The technique no doubt is tough. The mind never wants you to be in control. Just as a chain smoker knows smoking to be injurious to health but can’t help smoking because mind doesn’t allow. Vipassana teaches you to tame that flighty fickle mind very effectively. And then lets you understand the law of impermanence not by sermons but through experience. Ascribing the root cause of problems to the external factors is what we naturally do strictly as per the conditioning of our mind. We do not look inwards and plainly refuse to accept the fact that the problem is within us. That the feeling of misery or unhappiness is ours & ours only, that the craving for what we like & aversion for what we don’t along with the attachments, to begin with is essentially the cause of all our problems. That the moment I generate any ill will, animosity or any other negativity, I become restless & agitated losing all my peace. That it is only when WE REACT to an external stimuli, we get disturbed. Through Vipassana as one looks inside, s/He begins to understand this very law of nature & that nothing is permanent. Joyous times also pass away & so do the bad times. That to remain equanimous in all situations will lead us to eternal peace. All this learning is purely experiential & not sermonic. Gradually progressing on this path definitely brings much-needed all-weather happiness. One should note that it can be very challenging physically & mentally especially when you have to sit & focus for long hours. But believe me all that pain dissipates as you progress during the course. Remember “The toughest steel is forged in the hottest fire”. For those unable to sit due to any medical condition, a chair can be requested before the course begins. It is also advisable not to go setting any unreal expectations. The experience is unique to each person. I have deliberately not discussed my experience during meditation so as not to paint any picture for others to seek.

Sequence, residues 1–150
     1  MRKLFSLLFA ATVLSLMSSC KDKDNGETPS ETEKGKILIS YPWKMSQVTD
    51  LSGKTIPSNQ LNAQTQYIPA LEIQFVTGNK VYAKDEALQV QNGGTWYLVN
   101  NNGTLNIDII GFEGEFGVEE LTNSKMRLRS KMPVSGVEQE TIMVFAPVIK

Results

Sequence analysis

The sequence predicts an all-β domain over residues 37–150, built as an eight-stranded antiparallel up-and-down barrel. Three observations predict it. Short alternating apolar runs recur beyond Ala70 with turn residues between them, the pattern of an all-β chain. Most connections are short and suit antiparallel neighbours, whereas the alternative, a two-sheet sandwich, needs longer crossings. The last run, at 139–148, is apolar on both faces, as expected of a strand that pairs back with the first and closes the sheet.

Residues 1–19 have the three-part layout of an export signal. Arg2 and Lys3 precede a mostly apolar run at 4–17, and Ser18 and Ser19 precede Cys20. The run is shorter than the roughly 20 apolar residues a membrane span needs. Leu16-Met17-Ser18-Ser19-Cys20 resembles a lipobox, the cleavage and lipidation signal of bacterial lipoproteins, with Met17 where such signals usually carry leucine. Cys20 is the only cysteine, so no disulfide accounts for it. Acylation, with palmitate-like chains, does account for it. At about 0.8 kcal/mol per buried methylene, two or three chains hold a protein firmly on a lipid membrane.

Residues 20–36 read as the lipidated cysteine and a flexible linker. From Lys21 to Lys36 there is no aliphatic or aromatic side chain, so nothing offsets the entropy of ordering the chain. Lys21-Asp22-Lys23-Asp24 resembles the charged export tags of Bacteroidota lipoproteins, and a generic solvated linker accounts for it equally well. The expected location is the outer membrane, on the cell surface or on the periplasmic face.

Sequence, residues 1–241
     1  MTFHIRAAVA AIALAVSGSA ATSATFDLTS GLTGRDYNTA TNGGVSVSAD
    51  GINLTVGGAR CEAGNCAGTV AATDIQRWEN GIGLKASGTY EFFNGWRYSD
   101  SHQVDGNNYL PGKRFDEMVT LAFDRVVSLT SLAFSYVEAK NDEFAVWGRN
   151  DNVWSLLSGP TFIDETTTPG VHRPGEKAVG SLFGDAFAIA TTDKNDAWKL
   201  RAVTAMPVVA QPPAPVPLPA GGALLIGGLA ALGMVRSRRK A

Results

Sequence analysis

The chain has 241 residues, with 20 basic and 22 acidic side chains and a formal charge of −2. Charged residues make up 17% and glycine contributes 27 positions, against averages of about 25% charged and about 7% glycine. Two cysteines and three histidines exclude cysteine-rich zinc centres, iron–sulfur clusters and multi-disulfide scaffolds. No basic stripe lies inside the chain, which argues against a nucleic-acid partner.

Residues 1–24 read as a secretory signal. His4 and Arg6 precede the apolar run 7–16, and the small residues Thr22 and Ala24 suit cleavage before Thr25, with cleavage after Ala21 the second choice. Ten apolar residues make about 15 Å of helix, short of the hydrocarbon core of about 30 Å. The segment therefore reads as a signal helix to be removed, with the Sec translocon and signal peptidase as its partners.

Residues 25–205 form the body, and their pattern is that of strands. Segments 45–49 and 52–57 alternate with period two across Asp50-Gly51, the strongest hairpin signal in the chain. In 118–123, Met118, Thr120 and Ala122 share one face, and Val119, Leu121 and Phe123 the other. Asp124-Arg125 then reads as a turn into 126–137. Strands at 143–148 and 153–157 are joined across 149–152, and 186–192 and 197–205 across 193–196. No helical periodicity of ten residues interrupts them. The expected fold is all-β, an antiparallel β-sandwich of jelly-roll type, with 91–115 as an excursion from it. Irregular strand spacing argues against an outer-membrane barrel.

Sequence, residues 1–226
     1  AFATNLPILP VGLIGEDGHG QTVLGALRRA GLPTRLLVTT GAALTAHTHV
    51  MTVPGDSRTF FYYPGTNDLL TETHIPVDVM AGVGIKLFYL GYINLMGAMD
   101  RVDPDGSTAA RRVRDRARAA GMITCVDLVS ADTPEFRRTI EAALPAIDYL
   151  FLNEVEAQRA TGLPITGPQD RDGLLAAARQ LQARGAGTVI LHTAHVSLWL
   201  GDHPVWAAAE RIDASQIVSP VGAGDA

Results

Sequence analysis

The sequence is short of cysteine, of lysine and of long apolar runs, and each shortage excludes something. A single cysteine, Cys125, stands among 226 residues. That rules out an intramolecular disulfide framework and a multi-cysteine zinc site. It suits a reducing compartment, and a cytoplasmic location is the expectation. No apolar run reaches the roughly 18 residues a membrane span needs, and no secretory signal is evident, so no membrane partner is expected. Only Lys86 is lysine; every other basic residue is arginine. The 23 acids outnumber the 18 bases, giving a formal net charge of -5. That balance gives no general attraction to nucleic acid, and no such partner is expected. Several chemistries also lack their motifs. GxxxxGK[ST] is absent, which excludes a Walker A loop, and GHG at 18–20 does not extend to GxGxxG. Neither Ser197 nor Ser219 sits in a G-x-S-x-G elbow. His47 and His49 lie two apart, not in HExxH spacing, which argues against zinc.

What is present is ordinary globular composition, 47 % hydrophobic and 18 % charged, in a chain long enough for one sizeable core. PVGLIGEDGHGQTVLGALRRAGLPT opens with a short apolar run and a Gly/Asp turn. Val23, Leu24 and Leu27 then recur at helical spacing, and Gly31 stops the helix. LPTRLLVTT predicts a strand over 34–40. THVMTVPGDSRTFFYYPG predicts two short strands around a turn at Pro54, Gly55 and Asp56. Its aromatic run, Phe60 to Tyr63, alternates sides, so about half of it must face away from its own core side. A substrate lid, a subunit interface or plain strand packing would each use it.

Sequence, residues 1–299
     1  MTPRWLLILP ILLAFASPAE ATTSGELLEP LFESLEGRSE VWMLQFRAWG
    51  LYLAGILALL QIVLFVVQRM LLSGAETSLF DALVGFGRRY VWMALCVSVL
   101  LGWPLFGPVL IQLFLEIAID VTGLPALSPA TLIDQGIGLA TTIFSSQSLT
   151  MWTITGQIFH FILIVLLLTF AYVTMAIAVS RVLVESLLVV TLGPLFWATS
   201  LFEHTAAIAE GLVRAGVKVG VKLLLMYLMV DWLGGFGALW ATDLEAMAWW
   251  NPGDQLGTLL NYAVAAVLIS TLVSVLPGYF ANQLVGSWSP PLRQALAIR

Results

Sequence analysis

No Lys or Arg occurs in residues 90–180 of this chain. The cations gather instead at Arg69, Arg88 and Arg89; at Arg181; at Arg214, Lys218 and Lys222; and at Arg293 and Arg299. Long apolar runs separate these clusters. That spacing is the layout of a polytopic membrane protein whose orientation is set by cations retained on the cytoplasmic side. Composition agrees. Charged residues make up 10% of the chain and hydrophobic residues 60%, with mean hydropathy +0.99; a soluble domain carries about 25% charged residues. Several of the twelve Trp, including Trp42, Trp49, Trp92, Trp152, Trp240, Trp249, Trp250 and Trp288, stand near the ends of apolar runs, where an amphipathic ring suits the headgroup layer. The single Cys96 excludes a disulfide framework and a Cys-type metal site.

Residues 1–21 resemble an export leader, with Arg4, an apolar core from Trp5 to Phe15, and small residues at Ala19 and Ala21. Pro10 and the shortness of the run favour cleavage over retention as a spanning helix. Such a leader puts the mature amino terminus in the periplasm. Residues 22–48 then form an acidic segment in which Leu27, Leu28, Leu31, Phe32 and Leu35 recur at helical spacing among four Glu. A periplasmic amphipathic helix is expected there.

Vipassana also doesn’t imply one to become a dud in life losing all interest in work. Neither it seeks to make one a monk. It teaches to work selflessly without attaching self to the outcome of task. It makes one a person at peace with himself & with a high degree of empathy towards others & the society. Rest everything falls into place. People irrespective of any faith, caste, race or gender can practice Vipassana. It is completely A-Religious. The goal if there has to be one becomes peace, peace inside & peace outside. May all beings be happy. Happy meditating. For further information do visit https://www.dhamma.org/en-US/index

Advertisements

The Nomadic Soul

Dark are the days which churn sweat of pain inducing misery to be glad,
weak mind in strong shackles with mocking dejection singing in joy,
beaten resolve abandons woeful hope when pessimism breaches citadel of Troy,
It is then the instincts drive sense and the soul longs to be Nomad.

The peck of light beckoning hope with the roamer to become nature clad,